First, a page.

Sure enough, the talks broke down on Oct. 4 over the BRI split, with one of Schwartz's top clients, Paul Pierce, suddenly immersed in the talks. Despite all the system compromises that have been made since then, the two sides have been unable to move past the impasse over BRI -- with Stern standing firm at 50 percent at the behest of hard-line owners and Hunter pressured by hard-line agents not to go lower than 52.

Steve Kauffman, who was a player agent during the 1998-99 lockout, saw first hand how agents can derail the bargaining process. It was 100 times worse in '98-'99, when super agent David Falk wielded enormous influence as the representative for the majority of players on the union's bargaining committee, including NBPA president Patrick Ewing.

By all accounts, the pressure from the Super Seven this time around has been mild by comparison. The agents who wrote that letter have quieted their calls for players to abandon the union through a rogue decertification, and one union official said Tuesday that most agents who reach out to Hunter and other NBPA executives have done so constructively.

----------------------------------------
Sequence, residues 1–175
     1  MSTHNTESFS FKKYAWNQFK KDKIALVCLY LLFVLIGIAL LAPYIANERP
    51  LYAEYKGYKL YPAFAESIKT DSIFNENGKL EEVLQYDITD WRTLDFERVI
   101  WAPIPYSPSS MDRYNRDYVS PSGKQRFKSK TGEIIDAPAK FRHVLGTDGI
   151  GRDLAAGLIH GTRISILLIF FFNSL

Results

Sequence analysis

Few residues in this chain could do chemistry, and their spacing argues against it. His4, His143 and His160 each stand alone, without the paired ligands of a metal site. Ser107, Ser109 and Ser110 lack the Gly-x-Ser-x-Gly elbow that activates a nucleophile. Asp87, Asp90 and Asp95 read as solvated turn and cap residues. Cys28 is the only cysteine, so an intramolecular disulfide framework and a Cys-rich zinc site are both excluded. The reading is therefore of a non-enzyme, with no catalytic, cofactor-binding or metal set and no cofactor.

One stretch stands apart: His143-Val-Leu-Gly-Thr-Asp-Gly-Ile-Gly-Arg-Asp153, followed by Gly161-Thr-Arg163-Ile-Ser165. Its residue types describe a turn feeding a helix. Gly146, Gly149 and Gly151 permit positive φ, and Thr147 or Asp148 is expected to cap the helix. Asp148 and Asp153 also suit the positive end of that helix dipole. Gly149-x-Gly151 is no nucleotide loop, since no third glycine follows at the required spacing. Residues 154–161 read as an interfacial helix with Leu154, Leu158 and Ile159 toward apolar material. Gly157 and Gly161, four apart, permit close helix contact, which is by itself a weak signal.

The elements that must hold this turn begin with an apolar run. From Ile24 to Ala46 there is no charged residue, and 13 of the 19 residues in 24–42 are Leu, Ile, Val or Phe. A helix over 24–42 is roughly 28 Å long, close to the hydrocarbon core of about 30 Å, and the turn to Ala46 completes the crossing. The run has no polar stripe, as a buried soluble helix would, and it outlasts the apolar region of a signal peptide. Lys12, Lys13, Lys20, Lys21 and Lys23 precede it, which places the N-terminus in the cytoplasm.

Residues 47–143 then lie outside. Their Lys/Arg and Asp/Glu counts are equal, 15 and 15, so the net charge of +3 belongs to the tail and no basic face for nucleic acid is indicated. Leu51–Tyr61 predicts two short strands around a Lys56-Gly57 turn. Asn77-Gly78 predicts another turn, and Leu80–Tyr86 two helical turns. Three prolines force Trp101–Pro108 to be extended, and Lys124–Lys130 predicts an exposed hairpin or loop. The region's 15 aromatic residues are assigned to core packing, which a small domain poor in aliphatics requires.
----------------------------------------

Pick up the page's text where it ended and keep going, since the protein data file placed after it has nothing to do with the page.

But to the extent that agents are influencing Hunter and impairing his ability to close this deal, Kauffman questions not only their motivation but also, in some cases, their qualifications.

"If agents, individually or collectively, are trying to derail Billy and the players' union from concluding this deal, that is at best inappropriate and at worst irresponsible," said Kauffman, a respected expert on CBA issues who now represents coaches and front-office executives. "Obviously, the career span of an agent is far longer than that of a player. Many agents are primarily looking out for their own best interests.

"And to take it a step further," Kauffman added, "there are some that I believe don't fully understand the issues and how they affect their own clients."

Kauffman's comments, on the record and without fear of reprisal, raise two key points: